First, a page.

Al Wasserman. Credit: Kelly Sullivan

May 27, 1930 – Nov. 7, 2022

Al Wasserman died at the age of 92 under a blood moon in Oakland on Nov. 7. He was surrounded by his wife, Ann, and his three children, Steve, Rena and Sherry. 

Al was a noble and principled man who led an extraordinary life, married to Ann Dragoon for more than 70 years, boyfriend and girlfriend since they were 14 in the Bronx. The son of Polish-Jewish immigrants, Solomon and Rebecca, who came to New York City in the early 1920s, his father was an organizer for the International Ladies Garment Workers Union. They lived in the workers’ cooperative housing called the Coops, built in the late 1920s in the Bronx. His first language was Yiddish and he learned English on the playgrounds of the public schools he attended. He went to Cooper Union and studied civil engineering and came out West to Oregon, with his pregnant wife in 1952, to take a job with the Oregon Highway Department building the road from Mt. Hood to Portland. 

He grew up and came of age, as did his younger sister Dorothy, in the radical secular world of Jewish progressives. Both he and his wife were counselors at Camp Kinderland in upstate New York — their parents were too poor to secure spots for them as campers — where their love blossomed.

In 1963, they came to the Bay Area and settled in Berkeley. Al was working for Bechtel Corporation in their hydroelectric division, believing that clean energy for the masses was a project worth defending. Little did he suspect that decades later many of those dams he helped build would be dismantled so the salmon could run again.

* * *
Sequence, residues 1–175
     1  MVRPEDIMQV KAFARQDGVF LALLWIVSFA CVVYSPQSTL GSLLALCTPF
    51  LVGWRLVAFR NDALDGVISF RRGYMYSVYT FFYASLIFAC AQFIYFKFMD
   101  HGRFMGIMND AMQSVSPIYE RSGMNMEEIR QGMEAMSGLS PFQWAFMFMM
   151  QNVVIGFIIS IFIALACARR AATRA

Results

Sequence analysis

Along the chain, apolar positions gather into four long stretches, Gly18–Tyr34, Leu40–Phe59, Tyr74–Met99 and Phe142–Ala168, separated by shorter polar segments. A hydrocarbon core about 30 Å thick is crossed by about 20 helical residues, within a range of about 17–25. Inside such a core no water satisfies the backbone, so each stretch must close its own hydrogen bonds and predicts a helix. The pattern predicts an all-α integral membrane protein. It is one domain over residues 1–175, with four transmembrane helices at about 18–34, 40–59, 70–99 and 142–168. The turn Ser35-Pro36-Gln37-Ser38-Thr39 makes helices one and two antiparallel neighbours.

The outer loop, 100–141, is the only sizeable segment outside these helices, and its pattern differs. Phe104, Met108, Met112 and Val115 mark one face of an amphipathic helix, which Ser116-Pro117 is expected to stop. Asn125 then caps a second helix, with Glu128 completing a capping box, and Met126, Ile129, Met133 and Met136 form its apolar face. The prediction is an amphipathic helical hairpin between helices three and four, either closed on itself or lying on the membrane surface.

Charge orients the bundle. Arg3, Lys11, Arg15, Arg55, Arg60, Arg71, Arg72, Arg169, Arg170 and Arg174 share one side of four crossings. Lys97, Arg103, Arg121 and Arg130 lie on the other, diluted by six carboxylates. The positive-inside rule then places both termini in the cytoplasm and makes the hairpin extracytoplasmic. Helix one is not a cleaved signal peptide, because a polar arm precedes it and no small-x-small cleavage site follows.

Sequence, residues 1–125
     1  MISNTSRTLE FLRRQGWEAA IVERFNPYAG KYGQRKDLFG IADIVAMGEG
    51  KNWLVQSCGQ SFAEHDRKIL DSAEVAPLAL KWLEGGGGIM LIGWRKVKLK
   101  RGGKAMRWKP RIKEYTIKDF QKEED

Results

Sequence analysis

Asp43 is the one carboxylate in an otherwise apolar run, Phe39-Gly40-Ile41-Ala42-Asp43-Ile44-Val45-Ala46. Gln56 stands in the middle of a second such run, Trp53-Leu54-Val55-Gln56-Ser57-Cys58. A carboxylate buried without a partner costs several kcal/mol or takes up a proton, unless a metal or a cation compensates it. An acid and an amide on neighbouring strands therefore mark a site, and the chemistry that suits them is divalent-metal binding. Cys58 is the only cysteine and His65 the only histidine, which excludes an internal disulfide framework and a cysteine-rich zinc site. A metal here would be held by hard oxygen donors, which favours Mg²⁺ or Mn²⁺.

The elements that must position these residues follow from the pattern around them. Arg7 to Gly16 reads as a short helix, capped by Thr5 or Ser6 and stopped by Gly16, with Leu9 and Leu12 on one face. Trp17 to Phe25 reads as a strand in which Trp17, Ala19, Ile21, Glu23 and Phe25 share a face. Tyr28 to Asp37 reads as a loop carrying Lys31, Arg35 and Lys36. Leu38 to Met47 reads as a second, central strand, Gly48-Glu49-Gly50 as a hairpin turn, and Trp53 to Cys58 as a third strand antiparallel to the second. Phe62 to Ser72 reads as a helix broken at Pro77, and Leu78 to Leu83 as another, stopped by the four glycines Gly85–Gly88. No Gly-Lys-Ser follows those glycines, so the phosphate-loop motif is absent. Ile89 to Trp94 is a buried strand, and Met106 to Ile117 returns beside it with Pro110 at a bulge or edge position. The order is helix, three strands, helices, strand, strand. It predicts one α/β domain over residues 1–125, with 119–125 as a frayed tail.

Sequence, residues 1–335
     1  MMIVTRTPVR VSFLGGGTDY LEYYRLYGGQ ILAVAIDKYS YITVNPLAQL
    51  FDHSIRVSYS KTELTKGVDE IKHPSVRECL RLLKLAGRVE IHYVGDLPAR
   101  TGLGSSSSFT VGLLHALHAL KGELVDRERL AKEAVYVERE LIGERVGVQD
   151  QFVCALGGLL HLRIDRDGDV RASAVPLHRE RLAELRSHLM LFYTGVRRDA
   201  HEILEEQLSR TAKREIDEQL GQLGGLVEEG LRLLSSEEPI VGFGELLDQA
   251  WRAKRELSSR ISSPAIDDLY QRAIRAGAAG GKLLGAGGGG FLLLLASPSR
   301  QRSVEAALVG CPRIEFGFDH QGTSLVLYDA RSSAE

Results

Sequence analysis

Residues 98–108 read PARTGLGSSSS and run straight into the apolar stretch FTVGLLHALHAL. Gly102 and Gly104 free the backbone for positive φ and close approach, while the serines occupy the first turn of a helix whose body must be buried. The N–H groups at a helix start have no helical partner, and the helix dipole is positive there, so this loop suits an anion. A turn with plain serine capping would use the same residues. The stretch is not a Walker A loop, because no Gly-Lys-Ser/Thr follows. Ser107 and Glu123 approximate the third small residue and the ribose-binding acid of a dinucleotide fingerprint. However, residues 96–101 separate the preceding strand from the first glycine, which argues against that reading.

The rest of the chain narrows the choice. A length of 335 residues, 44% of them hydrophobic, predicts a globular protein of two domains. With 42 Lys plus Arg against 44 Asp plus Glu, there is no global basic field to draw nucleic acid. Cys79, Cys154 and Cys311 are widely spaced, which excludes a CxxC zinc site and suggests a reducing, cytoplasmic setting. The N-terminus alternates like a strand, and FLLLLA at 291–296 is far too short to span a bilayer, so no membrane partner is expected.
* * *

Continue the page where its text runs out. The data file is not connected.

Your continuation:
In his early 30s, growing restless and not a little bored, he convinced his employers to foot the bill so he could become a lawyer, attending the University of San Francisco’s law school by night, working at Bechtel’s Beale Street headquarters by day. And, not least, helping to raise, with Ann, three young children.

Al never brought his work home. He joined the family every night for dinner at 6 or 6:30. He was an extraordinarily disciplined person, possessed of an iron will. He was meticulous, thorough, responsible, and he never seemed to break a sweat. These were attributes he exhibited throughout his long life. He was decisive to a fault, unencumbered by regrets. He was a man who was comfortable in his own skin. 

He was also wise: Once when his son Steve was about 16, aware that a colleague of his father had been appointed president of Bechtel while Al was only a vice-president, he asked him why he wasn’t head of the company. Al said he didn’t want such a job. Steve was flabbergasted. President sounded much better to his ears than being a mere vice president. Al explained that he saw what happened to the driven men who hungered for such positions. They were obsessives, hostage to work, who had no time for their families or their wives and mostly ruined themselves with drink and early death. He wanted no part of it. He didn’t believe his being was synonymous with the work he did and while he enjoyed it, he had, he said, many other interests.

He became a lawyer and went on to become, for a time, active in the National Lawyers Guild, helping the Black Panther Party resist unprovoked attacks by police, and served as president of the Berkeley-Albany chapter of the American Civil Liberties Union.

He died as he lived — with an enviable unsentimentality, a becoming humility and modesty, an abiding dignity and self-possession, deep attachment to what is beautiful and joyous about life, bottomless curiosity about the cosmos and how it works, an ardent advocate of a more just and equitable world, and an unblinking devotion to life, liberty, and the pursuit of happiness.

In lieu of flowers, the Wasserman family requests that you consider making a contribution to Camp Kinderland at